Podcast Review: Ending the ‘Dinner Party’


Note: this article was also published on Tea & Fiction.

The Dinner Party Download, produced by American Public Media, and hosted by Rico Gagliano and Brendan Francis Newnam. Was released weekly, with an approximate running time of 60 minutes. Started January 2012.

Back in October of this year, if you were near me at all, you would’ve heard me give out a tropey ‘big no’. You see, I had heard that one of my favorite podcasts, The Dinner Party Download, was ending in December. The last ‘live’ episode is set to be released this week.

I had started listening in 2014. I can’t remember how I heard about it, although it was probably that I listened to other American Public Media shows Wits (which I wanted to write an ‘obituary’ recommendation as well when it ended) and Wait Wait … Don’t Tell Me.

The concept of the radio show / podcast is fairly self-explanatory. This culture-based talk show is done in the style of a dinner party, with an icebreaker joke to begin with, playlists offered, etiquette tips provided, main courses of pieces about food, history of booze segments, and interviews. The show had a wide variety of guests in the various segments, from singers to actors to the great-great-grandkids of Emily Post. It was a great way to keep up on some of what was going on in the world of entertainment.

Hosts Brendan Francis Newnam (l) and Rico Gagliano (r). Photo used courtesy The Dinner Party Download Facebook page.

Hosted by Rico Gagliano and Brendan Francis Newnam, I rapidly became a fan of their ability to tread that fine line of being casual yet still get the interview done. They handled their interviews with style, and the production values (as expected) were high. They would end each interview segment with two questions, which I have been very tempted to steal in my own podcast interviews: “What question are you tired of being asked?” and “Tell us something we don’t know.”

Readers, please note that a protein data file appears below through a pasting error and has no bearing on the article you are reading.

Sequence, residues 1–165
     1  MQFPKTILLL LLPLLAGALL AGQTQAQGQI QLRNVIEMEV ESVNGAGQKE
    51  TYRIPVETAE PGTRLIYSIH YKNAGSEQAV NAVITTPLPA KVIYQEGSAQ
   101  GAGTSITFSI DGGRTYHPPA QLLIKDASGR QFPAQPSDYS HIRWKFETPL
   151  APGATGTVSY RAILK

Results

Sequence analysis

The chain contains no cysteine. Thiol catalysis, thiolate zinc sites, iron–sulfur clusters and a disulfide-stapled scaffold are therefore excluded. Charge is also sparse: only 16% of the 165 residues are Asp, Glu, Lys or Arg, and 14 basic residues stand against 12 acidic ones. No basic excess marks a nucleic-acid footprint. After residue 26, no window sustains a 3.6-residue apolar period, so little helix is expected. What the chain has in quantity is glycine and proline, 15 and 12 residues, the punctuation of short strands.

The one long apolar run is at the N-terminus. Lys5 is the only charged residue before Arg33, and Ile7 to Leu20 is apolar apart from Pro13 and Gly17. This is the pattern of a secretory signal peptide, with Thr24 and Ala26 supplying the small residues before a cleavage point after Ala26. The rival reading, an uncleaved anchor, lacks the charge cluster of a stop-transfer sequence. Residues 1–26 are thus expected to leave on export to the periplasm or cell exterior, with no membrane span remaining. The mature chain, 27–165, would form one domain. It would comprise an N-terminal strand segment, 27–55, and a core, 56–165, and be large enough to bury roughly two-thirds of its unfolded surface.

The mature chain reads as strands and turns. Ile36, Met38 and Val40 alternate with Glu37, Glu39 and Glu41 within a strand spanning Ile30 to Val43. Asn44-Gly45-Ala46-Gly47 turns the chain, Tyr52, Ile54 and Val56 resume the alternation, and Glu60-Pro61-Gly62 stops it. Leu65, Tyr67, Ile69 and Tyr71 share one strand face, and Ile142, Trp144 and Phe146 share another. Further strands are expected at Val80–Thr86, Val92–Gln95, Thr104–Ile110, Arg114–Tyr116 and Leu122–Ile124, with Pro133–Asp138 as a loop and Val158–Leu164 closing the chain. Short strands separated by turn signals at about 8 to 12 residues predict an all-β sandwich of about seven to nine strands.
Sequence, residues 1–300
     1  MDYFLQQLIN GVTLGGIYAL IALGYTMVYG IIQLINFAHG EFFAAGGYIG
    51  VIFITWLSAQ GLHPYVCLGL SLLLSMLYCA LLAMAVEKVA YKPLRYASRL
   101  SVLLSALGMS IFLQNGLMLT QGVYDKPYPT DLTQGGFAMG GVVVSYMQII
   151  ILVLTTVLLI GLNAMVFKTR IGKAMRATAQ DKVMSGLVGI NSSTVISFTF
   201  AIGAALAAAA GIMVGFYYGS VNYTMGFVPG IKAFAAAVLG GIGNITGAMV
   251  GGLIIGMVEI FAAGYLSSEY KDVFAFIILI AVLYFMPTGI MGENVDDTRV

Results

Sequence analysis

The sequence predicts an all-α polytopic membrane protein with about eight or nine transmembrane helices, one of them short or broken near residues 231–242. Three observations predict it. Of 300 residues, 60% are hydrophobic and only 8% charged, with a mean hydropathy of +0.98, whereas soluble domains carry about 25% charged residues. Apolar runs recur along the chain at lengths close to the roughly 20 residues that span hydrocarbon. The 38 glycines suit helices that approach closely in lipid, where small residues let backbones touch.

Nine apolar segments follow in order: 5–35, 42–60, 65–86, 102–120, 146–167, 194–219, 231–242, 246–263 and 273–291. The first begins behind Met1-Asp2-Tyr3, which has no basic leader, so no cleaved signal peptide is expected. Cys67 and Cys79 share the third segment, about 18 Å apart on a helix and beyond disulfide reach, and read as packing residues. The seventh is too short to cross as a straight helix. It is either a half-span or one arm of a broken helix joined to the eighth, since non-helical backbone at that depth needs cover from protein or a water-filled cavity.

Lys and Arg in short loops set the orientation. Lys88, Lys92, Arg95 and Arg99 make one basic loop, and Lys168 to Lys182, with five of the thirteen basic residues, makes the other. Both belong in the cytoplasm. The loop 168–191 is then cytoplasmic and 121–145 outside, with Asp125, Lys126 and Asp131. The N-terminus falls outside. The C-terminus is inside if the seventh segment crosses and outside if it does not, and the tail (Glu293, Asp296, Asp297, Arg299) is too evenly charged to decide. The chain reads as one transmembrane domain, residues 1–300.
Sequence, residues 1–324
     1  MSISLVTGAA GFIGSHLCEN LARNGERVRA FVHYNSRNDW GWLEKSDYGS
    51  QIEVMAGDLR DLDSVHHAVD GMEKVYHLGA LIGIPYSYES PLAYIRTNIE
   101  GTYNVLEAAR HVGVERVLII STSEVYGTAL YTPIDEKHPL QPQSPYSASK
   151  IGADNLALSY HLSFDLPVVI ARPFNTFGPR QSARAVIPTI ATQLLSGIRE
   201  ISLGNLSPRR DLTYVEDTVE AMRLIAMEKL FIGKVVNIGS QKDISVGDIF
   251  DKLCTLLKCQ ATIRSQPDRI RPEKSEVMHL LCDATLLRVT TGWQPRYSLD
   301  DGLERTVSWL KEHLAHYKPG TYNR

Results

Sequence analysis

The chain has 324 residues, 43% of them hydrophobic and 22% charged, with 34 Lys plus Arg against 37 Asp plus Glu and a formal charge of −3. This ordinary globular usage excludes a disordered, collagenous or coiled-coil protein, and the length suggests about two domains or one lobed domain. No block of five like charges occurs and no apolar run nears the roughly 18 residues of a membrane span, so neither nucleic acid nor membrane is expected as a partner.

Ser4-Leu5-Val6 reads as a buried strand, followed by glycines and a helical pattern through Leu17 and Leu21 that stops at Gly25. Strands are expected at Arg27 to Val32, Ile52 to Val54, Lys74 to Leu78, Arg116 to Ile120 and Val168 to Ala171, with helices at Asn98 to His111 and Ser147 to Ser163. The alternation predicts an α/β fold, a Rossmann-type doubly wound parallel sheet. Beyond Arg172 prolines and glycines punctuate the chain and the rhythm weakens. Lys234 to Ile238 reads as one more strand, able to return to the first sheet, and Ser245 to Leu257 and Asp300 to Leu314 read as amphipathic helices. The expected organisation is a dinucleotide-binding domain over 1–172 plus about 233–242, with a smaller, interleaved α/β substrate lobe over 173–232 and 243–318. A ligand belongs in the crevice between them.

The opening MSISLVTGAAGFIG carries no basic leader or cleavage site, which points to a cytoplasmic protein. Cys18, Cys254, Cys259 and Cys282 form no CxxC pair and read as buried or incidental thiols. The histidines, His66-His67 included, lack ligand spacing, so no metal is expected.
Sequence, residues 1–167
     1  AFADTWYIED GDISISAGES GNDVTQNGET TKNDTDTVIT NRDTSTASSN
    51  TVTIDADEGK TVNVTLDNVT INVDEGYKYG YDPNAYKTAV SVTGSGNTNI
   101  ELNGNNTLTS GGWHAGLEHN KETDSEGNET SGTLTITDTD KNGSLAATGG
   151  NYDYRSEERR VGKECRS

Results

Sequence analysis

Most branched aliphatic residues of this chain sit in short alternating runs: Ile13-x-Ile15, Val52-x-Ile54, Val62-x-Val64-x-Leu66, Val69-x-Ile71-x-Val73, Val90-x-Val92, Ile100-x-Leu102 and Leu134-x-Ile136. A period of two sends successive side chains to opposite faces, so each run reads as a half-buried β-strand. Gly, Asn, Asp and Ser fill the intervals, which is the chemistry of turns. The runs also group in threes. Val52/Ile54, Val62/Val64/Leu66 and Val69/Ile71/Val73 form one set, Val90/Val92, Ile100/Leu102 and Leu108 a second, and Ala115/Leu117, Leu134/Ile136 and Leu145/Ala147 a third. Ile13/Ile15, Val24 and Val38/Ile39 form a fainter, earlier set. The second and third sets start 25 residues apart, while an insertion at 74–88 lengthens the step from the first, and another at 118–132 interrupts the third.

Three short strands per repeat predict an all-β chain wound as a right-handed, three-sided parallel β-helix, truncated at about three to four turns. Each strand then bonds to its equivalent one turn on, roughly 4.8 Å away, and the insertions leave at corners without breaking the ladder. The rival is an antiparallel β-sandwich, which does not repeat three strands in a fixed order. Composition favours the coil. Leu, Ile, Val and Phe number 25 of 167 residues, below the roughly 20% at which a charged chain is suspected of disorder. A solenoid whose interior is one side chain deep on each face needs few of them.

My only quibbles were minor. They seemed obsessed with the idea of drinking and booze — and while yes, I get it, it’s supposed to be a dinner party — as someone who’s not much of a drinker myself and who knows a couple of recovering alcoholics, there were too many times when it came across as ‘if you don’t drink, there’s something wrong with you’. Additionally, while they did address vegan / vegetarian lifestyle from time to time, other food issues didn’t seem to cross their mind very often.

Also, while the etiquette segments had questions from the audience, I never quite understood how these people knew who would be doing the segment next. I have a feeling it was announced on Twitter, as while I’m on Twitter, I don’t go there very often. I wish their newsletter that went out had stated who would be the next guest and where to go to send questions.

Image courtesy The Dinner Party Download Facebook page.

I was such a fan of the show that I applied to work for the program twice: one in which the announcement said they were looking for lovers of food puns, and so I filled my cover letter with them (my favorite had to be “I realized it was mint to be for me to cover culture”). I also provided up my own sample ‘dream episode”: the overheard (where they get authors to read excerpts from a book) by Judy Blume, the playlist provided by Jill Sobule, the etiquette segment done by Martin Freeman (with the challenge to see if he could do it without swearing), the history in booze about the Inklings and the drink created at the Eagle and Child pub in Oxford, and the main course about the barbecue joints of my home away from home, Kansas City.

The show is ending (according to them) because the two hosts have released a book, Brunch is Hell. However, the announcement indicates that there may be a different podcast from them, not affiliated with APM. So, while this party may be ending, there is hope that another one will be starting up.

You can listen to all prior episodes of The Dinner Party Download through iTunes and Stitcher, as well as the official DPD website.

Read my other podcast reviews here.

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